Monday, June 15, 2015

Mythoard! Mythoard! Mythoard!

It takes a little more than saying its name three time to get a Mythoard subscription box, but if you're a tabletop gamer it is something that you should look into. The June box goes out in a matter of hours from this post, so if you want to get in on the goodness, now would be the time to do so.

I admit that I have been sitting on talking about the April and May boxes for a bit, but I will say that I've followed Mythoard and gotten most of the boxes since its January launch. I love the idea of an inexpensive and diverse "box" of gaming related stuff. If I had a complaint, it would be that there is too much of a reliance on "old school" materials for the boxes. The material is great, don't get me wrong, but it will limit the growth of the service.

Just as an aside, if you are a publisher and you would like to get your stuff into the hands of Mythoard subscribers, you should go to the site's contact page for more information. There is a lot of options available in gaming, and inside of the various "sides" of tabletop players sniping at each other we really should look to more cross-pollination and looking at each other's games. There is a lot of interesting stuff to be found in gaming these days, regardless of what style or approach you have to gaming.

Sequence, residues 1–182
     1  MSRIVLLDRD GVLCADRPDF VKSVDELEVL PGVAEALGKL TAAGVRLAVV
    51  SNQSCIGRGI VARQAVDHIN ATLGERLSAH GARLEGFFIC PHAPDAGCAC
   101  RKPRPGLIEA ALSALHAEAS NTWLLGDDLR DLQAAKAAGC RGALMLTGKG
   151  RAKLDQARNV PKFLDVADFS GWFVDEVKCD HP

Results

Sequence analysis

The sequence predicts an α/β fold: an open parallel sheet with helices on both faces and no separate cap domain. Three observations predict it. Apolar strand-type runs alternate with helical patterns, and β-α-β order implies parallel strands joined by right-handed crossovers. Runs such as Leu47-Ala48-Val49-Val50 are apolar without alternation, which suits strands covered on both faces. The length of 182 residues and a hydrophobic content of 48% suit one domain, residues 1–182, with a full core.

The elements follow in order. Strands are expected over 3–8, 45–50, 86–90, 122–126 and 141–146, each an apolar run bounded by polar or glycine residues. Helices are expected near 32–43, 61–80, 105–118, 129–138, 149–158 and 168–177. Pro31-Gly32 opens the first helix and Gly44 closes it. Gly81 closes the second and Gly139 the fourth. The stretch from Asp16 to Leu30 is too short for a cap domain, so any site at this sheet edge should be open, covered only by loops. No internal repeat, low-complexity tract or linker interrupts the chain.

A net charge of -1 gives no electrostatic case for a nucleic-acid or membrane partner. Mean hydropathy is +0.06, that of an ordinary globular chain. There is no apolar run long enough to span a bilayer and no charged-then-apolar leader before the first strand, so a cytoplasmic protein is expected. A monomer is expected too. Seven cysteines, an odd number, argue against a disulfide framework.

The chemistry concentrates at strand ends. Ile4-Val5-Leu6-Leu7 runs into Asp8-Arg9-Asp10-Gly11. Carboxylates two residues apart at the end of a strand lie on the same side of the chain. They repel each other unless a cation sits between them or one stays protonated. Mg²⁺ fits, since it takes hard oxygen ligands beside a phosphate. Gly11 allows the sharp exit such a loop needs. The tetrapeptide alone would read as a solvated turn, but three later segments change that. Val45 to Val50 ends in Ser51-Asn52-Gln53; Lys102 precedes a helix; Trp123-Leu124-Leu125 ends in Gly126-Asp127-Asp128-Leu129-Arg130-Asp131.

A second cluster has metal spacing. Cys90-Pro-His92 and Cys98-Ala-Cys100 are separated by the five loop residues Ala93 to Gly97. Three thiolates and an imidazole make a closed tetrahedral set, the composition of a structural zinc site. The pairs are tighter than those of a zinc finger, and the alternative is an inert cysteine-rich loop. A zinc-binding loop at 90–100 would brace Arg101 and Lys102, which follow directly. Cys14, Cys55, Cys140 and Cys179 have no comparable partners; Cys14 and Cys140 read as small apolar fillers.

The April box had some interesting stuff to it, including a Dungeon World adventure, and an adventure for Pathfinder. Lichfield looks like an interesting adventure, certainly a bit darker than a lot of published adventures...but I am a big fan of dark fantasy, so this is a selling point for me. I also love the Mike Mignola-styled art throughout the adventure. Good stuff. Don't play Dragon World? It shouldn't be too difficult to figure out a conversion to your favorite fantasy RPG. You know how in the older editions of D&D your character would reach a point in their career where they would build/take a stronghold, or their class' equivalent? Well, the idea of For Rent, Lease or Conquest is build around that idea. Built for 7th level Pathfinder adventurers, this module takes an irreverent look at that idea...and how things can go terribly wrong with it.

Lichfield was also an exclusive item for the April box.

The box is then rounded out with an issue of the the Oubliette zine. Inside you'll find some interesting new spells, magic items and monsters for your fantasy games. They're written for Labyrinth Lord, but easily applicable to your favorite fantasy RPG.

The weak spot of the April box would be the old Judges Guild reproductions. Not that these are bad reproductions, or bad adventures, but both of them are for the long out of print Dragonquest RPG. Why is this bad? Well, at least with the explosion of early edition D&D clones, old material from the early editions of those games can find some use. Not so much with Dragonquest, which has no such clones available. I will admit that I was never a fan of the game, even though I still have my mouldering copy put away with my gaming stuff. I think